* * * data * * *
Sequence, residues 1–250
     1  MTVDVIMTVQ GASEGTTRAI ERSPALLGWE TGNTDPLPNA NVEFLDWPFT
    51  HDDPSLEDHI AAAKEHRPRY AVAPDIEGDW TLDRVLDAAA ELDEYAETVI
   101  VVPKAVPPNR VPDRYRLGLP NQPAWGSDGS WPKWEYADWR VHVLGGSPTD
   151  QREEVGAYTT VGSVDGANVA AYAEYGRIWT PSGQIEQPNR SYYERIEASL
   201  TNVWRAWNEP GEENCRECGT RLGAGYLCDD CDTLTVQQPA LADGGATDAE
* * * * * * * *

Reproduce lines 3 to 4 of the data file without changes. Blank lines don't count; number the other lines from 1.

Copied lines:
    51  HDDPSLEDHI AAAKEHRPRY AVAPDIEGDW TLDRVLDAAA ELDEYAETVI
   101  VVPKAVPPNR VPDRYRLGLP NQPAWGSDGS WPKWEYADWR VHVLGGSPTD